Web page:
Remobilisation origin for andesite magma by intrusion of mafic magma at the Soufriere Hills volcano, Montserrat, WI: a trigger for renewed eruption

M. D. Murphy, R. S. J. Sparks, J. Barclay, M. R. Carroll, T. S. Brewer

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The 1995–1999 eruption of the Soufriere Hills volcano, Montserrat, has produced a crystal-rich andesite containing quench-textured mafic inclusions, which show evidence of having been molten when incorporated into the host magma. Individual crystals in the andesite record diverse histories. Amphibole phenocrysts vary from pristine and unaltered to strongly oxidized and pseudomorphed by anhydrous reaction products. Plagioclase phenocrysts are commonly reverse zoned, often with dusty sieve textures. Reverse zoned rims are also common on orthopyroxene phenocrysts. Pyroxene geothermometry gives an average temperature of 858 ± 20°C for orthopyroxene phenocryst cores, whereas reverse zoned rims record temperatures from about 880 to 1050°C. The heterogeneity in mineral rim compositions, zoning patterns and textures is interpreted as reflecting non-uniform reheating and remobilization of the resident magma body by intrusion of hotter mafic magma. Convective remobilization results in mixing together of phenocrysts that have experienced different thermal histories, depending on proximity to the intruding mafic magma. The low temperature and high crystallinity are interpreted as reflecting the presence of a cool, highly crystalline magma body beneath the Soufriere Hills volcano. The petrological observations, in combination with data on seismicity, extrusion rate and SO2 fluxes, indicate that the current eruption was triggered by recent influx of hot mafic magma.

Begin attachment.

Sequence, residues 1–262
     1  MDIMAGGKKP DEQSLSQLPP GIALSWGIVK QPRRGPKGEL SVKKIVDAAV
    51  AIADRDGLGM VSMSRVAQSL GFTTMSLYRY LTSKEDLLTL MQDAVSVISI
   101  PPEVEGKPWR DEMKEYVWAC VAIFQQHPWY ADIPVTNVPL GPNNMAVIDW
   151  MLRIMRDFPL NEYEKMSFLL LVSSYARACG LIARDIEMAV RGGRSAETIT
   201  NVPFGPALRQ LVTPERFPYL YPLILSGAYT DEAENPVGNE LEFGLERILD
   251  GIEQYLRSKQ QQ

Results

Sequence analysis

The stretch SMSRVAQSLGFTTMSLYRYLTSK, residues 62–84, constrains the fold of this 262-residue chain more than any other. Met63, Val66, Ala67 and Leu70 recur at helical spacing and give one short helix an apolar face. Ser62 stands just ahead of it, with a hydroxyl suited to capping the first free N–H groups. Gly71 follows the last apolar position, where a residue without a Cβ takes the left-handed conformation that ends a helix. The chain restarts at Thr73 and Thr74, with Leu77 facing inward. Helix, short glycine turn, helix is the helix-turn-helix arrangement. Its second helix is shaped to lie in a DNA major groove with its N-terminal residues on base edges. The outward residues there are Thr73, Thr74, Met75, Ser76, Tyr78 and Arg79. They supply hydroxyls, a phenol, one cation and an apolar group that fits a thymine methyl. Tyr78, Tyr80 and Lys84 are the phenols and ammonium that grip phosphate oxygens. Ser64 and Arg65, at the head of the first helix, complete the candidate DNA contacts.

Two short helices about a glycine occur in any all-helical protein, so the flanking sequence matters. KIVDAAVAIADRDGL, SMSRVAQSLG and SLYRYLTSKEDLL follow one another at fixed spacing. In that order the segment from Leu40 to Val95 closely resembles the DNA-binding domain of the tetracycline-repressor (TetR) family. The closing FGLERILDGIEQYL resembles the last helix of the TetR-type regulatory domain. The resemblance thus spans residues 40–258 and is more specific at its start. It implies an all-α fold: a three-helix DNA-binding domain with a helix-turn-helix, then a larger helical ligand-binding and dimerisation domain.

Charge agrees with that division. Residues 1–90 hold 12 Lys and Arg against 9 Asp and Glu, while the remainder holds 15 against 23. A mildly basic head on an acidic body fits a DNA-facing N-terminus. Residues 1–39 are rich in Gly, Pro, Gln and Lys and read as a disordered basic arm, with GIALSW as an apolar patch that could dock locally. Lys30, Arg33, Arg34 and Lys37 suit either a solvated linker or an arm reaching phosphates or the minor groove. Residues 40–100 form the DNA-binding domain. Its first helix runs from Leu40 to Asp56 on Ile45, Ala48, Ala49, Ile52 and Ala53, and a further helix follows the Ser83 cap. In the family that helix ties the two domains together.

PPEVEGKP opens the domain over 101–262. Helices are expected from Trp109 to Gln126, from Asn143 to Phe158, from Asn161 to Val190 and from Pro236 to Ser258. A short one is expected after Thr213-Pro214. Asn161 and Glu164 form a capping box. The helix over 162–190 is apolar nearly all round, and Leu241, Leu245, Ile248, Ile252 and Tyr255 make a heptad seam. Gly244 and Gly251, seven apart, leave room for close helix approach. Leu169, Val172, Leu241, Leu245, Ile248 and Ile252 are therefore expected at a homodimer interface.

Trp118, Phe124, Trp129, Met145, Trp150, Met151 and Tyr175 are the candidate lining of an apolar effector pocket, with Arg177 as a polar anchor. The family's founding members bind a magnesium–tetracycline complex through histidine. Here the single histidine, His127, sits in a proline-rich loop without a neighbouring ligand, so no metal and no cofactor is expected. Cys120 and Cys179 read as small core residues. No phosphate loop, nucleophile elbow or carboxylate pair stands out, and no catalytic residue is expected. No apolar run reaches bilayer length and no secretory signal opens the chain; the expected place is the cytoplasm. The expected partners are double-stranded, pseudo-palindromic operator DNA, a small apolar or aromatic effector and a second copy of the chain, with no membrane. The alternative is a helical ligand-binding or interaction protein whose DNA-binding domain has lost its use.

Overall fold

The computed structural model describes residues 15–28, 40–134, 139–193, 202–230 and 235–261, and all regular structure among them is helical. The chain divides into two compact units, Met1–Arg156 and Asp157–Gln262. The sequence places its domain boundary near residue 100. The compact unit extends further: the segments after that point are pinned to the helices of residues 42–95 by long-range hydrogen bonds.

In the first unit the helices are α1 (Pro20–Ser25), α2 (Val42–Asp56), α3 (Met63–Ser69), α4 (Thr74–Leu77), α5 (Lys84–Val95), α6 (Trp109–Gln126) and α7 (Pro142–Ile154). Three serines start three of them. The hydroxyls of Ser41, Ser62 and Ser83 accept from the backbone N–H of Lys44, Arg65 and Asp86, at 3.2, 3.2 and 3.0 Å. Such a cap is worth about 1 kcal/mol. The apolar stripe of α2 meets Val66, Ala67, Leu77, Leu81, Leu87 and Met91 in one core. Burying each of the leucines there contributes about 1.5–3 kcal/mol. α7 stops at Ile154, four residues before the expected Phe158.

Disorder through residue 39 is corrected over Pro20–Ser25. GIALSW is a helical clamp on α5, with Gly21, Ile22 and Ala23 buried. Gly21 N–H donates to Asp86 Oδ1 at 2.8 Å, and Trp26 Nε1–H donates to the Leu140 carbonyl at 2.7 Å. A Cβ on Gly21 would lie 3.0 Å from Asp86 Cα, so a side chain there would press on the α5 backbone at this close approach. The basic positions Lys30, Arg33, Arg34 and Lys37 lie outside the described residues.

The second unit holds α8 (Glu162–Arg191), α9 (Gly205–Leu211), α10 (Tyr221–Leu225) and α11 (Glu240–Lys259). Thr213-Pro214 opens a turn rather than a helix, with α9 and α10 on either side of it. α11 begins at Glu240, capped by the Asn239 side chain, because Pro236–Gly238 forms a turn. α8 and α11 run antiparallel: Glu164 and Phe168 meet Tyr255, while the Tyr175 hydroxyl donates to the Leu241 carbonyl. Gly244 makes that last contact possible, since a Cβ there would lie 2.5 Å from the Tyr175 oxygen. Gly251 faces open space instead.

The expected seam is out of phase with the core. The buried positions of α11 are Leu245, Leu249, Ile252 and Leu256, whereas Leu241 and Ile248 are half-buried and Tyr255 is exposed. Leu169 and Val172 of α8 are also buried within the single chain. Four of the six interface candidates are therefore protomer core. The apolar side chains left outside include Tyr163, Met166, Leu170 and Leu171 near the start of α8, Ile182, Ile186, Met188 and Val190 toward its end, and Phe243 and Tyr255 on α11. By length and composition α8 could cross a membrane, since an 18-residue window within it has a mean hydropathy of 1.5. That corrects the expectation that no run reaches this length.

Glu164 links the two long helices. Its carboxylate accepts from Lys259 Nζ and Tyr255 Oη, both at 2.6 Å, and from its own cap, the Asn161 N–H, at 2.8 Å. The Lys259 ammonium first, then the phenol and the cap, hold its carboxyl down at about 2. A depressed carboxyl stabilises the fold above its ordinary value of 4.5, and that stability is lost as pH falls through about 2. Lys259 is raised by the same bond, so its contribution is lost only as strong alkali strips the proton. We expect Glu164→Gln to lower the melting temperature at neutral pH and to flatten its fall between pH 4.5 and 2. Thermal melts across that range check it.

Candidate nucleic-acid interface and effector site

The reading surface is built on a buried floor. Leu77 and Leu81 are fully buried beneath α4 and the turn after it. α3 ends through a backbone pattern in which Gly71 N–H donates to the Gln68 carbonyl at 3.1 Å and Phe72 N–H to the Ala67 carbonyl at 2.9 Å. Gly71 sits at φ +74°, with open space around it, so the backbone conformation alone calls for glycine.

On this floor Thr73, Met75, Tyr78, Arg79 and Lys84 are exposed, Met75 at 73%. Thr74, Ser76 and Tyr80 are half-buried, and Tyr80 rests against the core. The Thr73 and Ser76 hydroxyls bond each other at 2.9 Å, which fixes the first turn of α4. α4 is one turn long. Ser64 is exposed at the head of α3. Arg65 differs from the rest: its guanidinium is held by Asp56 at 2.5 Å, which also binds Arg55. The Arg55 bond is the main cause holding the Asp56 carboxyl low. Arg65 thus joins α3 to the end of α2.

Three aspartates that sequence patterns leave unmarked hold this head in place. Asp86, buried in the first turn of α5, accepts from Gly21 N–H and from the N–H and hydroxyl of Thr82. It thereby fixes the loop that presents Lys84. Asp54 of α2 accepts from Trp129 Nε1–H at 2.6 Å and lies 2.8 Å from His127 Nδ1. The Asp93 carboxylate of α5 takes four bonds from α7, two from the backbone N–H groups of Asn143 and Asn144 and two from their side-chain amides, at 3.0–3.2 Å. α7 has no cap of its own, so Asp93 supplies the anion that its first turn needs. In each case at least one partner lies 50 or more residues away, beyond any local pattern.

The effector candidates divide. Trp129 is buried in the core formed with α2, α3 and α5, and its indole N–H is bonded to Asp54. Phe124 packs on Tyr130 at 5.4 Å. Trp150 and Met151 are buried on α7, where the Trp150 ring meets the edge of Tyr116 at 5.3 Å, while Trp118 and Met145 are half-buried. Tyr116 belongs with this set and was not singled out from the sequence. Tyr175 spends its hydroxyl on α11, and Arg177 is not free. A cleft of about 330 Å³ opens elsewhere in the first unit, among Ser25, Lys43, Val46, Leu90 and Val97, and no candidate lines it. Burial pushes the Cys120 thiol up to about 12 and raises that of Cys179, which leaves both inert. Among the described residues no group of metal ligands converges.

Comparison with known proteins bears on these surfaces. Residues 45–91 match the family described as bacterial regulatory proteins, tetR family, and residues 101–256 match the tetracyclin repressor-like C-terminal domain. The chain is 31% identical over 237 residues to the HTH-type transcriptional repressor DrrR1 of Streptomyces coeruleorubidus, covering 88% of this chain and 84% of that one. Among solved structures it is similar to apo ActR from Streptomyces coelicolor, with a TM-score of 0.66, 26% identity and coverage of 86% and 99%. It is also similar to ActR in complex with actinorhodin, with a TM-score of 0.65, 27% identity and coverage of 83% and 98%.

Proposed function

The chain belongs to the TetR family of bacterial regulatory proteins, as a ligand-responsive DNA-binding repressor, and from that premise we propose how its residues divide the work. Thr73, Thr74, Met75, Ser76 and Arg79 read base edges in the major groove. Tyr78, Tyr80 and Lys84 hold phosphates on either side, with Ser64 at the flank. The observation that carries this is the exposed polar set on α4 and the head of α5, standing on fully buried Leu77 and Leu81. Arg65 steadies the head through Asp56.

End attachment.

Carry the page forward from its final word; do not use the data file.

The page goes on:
Original languageEnglish
Pages (from-to)21-42
Number of pages22
JournalJournal of Petrology
Issue number1
Publication statusPublished - 2000

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